I was pretty sure I wanted dripless, I mean who wants water in their bilge
, even if mine is about four feet deep amd can hold lots.
Then three years ago I had my shaft pulled to be shortened and checked for run out and had them go back with Teflon packing, I wasn’t there so I don’t know if they used the hard to find actual PTFE packing or the much more available Teflon impregnated flax, but to start with it had no seepage at all, and as you can imagine got fire cracker hot within the first hour when I checked it, so I backed off on it so it would drip a little. Then as it was running cold slowly tightened up until now it runs cool still but no drops at all, and it’s not been adjusted for three years.
So other than spending about $750 and having to plumb in a water hose to the dripless seal, what advantage will I see?
Plus it seems that my dry bilge
is transitory anyway, it seems that something happens every few months to put some water in it, last time it was flushing
my engine cooling
system for instance.
Now once the bilge picked up an odor
, it stank. That was traced to it being full of fresh water, it seems that where we were showering in the cockpit
had water running into a cockpit
locker, that drained to the bilge.
But other than that one time, which had nothing to do with a shaft seal having a couple of inches of water moving around in the bottom of the bilge hasn’t been an issue.
What bothers me is there have actually been several near catastrophic failures of dripless shaft seals
, and maybe some sinkings, once sunk how do you know what sunk it? How do you deal with that hundreds of miles from the nearest haul out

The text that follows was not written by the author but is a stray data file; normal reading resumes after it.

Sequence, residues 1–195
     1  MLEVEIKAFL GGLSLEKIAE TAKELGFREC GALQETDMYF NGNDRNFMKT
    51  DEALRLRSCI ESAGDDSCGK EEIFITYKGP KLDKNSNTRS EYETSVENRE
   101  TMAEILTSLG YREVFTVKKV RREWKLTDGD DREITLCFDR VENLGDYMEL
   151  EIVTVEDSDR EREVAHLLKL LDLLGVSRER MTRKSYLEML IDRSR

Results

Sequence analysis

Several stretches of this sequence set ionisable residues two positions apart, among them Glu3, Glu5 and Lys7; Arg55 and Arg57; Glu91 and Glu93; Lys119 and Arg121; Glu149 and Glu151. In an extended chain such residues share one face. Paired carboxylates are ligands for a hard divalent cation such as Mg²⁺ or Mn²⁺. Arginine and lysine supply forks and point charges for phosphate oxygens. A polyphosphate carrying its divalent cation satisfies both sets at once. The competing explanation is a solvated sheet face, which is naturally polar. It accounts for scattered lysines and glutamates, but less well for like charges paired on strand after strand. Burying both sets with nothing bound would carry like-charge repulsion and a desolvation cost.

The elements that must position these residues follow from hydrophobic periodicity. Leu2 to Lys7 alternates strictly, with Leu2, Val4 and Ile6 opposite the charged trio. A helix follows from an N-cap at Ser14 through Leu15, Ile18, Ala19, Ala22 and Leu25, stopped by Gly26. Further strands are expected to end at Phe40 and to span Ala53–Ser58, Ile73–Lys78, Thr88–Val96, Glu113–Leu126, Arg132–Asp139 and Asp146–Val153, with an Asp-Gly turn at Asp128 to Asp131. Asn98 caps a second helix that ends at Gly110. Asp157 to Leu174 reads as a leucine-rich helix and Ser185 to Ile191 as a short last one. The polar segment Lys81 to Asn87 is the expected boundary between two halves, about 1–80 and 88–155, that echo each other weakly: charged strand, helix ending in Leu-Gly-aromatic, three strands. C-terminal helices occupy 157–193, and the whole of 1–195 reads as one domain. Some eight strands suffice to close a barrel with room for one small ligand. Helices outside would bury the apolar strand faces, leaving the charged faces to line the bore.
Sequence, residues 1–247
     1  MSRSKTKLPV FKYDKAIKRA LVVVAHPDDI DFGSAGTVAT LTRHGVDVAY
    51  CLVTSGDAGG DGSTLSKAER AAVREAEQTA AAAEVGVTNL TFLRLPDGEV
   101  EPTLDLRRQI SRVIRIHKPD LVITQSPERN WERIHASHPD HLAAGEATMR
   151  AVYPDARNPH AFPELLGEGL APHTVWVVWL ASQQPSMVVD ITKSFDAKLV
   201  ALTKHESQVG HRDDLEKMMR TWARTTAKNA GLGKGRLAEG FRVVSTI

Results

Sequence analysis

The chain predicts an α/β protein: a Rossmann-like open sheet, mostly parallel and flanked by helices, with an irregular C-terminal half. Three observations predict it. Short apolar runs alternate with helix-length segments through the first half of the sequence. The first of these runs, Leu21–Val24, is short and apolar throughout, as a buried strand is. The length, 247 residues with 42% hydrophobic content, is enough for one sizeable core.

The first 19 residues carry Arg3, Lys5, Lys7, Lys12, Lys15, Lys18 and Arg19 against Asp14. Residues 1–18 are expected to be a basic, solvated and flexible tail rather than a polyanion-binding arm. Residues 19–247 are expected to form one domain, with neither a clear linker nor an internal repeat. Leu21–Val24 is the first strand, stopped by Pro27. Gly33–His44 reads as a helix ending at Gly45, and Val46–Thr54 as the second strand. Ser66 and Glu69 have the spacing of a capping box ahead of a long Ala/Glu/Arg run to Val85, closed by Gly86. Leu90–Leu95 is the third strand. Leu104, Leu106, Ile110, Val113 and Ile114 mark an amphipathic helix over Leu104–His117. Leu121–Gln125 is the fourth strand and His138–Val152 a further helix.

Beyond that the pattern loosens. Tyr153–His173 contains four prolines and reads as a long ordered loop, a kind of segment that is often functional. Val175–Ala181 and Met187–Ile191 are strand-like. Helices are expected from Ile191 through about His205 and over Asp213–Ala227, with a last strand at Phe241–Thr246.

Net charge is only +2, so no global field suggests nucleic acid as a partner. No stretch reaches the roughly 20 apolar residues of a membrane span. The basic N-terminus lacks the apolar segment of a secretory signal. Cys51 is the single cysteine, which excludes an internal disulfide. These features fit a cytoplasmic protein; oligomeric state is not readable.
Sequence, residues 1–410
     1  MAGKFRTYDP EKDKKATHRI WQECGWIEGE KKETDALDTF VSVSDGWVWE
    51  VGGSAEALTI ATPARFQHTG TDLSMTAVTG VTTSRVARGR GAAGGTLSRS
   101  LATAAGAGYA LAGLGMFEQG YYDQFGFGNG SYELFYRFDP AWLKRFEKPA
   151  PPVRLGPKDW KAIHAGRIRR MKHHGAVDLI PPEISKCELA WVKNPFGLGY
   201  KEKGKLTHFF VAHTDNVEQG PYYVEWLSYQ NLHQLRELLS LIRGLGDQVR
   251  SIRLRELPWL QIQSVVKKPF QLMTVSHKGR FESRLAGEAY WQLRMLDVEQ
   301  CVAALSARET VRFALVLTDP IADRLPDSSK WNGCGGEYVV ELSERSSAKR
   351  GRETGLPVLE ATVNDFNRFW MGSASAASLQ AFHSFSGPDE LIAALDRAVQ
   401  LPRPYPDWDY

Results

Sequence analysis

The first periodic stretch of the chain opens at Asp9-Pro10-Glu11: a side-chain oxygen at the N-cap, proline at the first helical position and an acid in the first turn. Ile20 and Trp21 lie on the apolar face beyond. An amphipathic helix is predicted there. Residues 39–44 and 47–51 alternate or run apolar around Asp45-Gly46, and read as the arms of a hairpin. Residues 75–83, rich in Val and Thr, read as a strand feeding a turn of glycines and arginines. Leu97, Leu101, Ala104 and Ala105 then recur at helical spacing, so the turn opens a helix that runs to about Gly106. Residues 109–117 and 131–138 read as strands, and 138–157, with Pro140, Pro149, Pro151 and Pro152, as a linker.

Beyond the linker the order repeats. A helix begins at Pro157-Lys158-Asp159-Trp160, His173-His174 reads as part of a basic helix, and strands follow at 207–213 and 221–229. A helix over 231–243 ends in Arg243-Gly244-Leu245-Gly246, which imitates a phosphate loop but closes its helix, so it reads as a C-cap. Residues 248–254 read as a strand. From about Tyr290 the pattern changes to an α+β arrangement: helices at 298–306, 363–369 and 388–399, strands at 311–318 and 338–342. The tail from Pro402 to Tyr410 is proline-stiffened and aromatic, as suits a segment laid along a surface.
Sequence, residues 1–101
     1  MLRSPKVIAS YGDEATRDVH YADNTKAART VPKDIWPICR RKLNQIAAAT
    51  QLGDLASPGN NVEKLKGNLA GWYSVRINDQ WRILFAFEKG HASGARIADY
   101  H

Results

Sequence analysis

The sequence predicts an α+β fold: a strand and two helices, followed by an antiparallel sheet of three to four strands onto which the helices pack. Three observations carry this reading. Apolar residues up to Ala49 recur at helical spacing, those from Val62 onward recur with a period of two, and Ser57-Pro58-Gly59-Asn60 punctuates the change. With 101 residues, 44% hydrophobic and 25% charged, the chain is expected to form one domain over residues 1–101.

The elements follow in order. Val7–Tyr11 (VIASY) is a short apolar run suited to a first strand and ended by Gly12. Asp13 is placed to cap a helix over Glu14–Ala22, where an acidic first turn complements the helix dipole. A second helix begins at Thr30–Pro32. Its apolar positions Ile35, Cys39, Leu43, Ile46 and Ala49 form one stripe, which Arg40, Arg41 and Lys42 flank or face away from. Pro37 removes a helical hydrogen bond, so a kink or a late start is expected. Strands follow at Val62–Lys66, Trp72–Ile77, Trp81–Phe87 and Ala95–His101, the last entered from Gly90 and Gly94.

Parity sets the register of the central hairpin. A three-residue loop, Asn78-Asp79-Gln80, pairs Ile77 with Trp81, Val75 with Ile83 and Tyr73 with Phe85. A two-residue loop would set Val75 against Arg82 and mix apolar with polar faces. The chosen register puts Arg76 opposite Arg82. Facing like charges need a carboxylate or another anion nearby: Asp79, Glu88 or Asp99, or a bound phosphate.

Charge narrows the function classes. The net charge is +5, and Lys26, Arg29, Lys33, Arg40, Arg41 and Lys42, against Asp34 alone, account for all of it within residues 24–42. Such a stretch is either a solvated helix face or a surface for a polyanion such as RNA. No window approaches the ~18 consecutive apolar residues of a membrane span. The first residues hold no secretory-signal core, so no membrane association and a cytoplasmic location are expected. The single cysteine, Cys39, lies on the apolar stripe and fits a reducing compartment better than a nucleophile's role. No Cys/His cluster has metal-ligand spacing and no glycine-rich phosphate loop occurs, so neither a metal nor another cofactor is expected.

and no Boat US or USCG etc?
Many of those failures are the PSS seals when the rotor backs off from loose locking screws, they seem to have solved
that issue I think with their “Pro” seal that has a locking collar as a back up. Or I believe that’s what it’s for, even if it’s advertised as another purpose of course, cause if they admitted what its for then they are admitting to a design shortfall. Unless I’m mistaken that locking collar is available to purchase
, if I had a PSS seal. I’d be buying
that locking collar right away and eliminate one problem.
Lot better answer than a hose clamp in my opinion.
But it seems the worst failure mode is the bellows tube tearing, and it would take me 20 min of emptying my supply room to get to it to rig a temp repair, or I assume you could wrap it with a towel and maybe hose clamps and slow the leak to a small one anyway.
So the hose having to be a bellows means it has to be flexible and that means weak compared to that strong stiff Buck Algonquin hose I have on my stuffing box, it would take a huge amount of force to tear it.
So that takes us to if you want the hose to be tough, it can’t be a bellows.
So what about the Lasdrop GenII seal? I’ve never even seen one, but it does seem to address both weaknesses of the PSS seal, and yes I know the PSS seal is the most popular.
I assume the Lasdrop hose is stiff and strong, cause it can be?